Sunday, June 23, 2024

Challenges Faced In Pipe Replacement

In recent years the infrastructure of gas and water pipes has rapidly declined, creating a need for new innovative pipe pulling technology

In recent years the infrastructure of gas and water pipes has rapidly declined, creating a need for new innovative pipe pulling technology designed to restore pipes up to 100 years old.

In the UK, for example, the original infrastructure of gas pipes was primarily galvanised steel, which is known to be prone to corrosion, therefore needing to be replaced.

The challenges being faced by pipe replacement contractors come from a variety of factors. Starting with assessing the actual scale of the replacement project. In the UK alone, there are estimated to be over 275,000 km of gas mains, which is being replaced at approximately 4,500 km/year.

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Furthermore, the time it takes to complete a replacement job and how utility companies can reduce this time in order to keep a variety of knock-on effect factors to a minimum, is vitally important, including costs and impact on the public. A significant advance in trenchless technology has become a widely used solution to this factor, pipe pulling.

Other important challenges faced by pipe replacement projects is the prospect of utility strikes when working with gas and water pipes. The risk of damage to other piping networks can be high. Pipe pulling reduces this utility strike risk factor, keeping local residents and workers safe, and disruption to a minimum.

Aiming to keep disruption to a minimum for homeowners and the public is necessary during pipe replacement. By digging up an original ground surface it can take extended amounts of time and is non-economical when restoring the ground to its original state after pipe replacement. This can mean that fewer homeowners are willing to let gas and water companies replace pipes due to the disruption, therefore leading to further deterioration of outdated pipelines.

Keeping the safety of workers and the public in mind during pipe replacement is imperative with contractors working in public places, turning them into potentially dangerous construction sites with gaping holes left during the initial dig phase. This danger aspect is particularly reduced by the innovative use of trenchless technology making the replacement much safer for everyone involved.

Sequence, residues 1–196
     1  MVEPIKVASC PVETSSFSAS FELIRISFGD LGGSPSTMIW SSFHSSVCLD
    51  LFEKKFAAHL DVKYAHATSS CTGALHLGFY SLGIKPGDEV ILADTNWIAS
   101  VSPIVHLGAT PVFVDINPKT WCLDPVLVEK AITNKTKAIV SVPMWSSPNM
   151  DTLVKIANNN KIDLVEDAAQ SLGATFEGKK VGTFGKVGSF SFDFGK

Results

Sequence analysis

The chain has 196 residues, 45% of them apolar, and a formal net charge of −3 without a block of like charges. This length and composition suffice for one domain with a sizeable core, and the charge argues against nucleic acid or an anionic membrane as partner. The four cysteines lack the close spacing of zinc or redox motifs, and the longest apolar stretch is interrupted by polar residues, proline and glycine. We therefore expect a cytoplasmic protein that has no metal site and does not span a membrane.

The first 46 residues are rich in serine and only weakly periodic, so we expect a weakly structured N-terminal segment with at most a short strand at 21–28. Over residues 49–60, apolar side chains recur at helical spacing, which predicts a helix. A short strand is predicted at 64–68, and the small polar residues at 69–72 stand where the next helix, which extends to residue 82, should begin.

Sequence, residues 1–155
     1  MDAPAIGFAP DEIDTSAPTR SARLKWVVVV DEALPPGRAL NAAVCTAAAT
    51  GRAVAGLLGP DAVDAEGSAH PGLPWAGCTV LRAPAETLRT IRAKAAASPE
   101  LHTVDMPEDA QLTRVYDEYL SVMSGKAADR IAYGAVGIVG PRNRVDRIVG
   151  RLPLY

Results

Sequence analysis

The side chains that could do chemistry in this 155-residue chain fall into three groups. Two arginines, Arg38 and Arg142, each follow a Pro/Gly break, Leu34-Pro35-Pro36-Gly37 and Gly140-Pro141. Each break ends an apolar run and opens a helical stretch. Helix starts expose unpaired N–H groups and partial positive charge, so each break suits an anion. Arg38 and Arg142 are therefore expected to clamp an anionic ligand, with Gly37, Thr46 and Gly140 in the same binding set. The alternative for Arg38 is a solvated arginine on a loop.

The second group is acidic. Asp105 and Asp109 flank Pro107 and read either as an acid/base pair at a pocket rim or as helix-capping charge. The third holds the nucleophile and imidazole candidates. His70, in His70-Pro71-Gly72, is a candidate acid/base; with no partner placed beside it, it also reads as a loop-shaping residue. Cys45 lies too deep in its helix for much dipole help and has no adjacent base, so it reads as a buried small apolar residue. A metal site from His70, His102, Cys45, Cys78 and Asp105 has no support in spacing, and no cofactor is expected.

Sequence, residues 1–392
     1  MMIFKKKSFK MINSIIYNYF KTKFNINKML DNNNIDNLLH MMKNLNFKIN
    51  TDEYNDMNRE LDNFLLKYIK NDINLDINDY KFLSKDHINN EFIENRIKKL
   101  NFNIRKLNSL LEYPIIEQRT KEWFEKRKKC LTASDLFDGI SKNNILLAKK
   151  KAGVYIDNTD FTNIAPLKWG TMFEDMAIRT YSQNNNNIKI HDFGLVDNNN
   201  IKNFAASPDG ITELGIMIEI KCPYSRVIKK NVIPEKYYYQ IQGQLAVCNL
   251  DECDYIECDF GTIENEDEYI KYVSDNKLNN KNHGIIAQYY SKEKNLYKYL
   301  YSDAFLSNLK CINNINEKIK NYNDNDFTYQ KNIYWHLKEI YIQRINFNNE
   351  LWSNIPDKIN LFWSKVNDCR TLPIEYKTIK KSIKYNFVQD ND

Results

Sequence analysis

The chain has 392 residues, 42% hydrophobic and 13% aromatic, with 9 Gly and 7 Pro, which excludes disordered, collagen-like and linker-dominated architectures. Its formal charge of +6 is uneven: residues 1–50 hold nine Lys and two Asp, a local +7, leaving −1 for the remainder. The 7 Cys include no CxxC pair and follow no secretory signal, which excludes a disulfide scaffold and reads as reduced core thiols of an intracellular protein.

Reinstatement of property in a public area, once pipe replacement has finished, is also time-consuming and costly. For example, public crossings follow a specific set of material guidelines that in turn need to be followed during reinstatement. Reinstatement involves returning the ground to its original condition and this can vary for each project. It also depends on the size of the excavation taking place to how long and costly it will be to fill and completely reinstate once work is completed. Another bonus of pipe pulling is that it requires very little excavation, therefore is usually more economical to reinstate.

Moreover, ground conditions can never be guaranteed to be optimal for each pipe replacement project. The success of moling or drilling depends largely on the operator. However, the softness and hardness of the surface ground also plays a factor in carrying the weight of any moling or drilling equipment and in what direction it enters the ground. This technique helps alleviate the chance of losing pipes while pulling, avoiding more disruption to the ground surface.

For pipe replacement contractors, keeping construction machinery safe and useable also ties in with keeping a pipe replacement project economical. Pipe pulling machinery can be costly, especially to repair. To keep costs down, contractors want to maximise the cost life of their machinery. However, the cost of the machinery rises considerably in correlation to the size of the equipment itself. Therefore, by using a smaller more efficient machine such as the KPP300 or KPP400, contractors can minimise costs. Smaller machines also take less workers to operate them due to the small size.

Finally, old decommissioned pipes that are left in the ground after new pipes are installed by other means and can be a hazard and potential contamination factor to the ground below. They are also considered environmental waste. Due to this the old pipes need to be disposed of correctly. Pipe pulling extracts the old pipe in the same procedure as inserting the new one, therefore eliminating any chance of decommissioned pipes being left to contaminate the ground.

So, the idea of pipe pulling offers several advantages in the right circumstances including cost effectiveness, minimal environmental impact, safety and public acceptability.

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Trenchless Works bringing you balanced journalism, accuracy, news and features for all involved in the business of trenchless and no-dig from around the world

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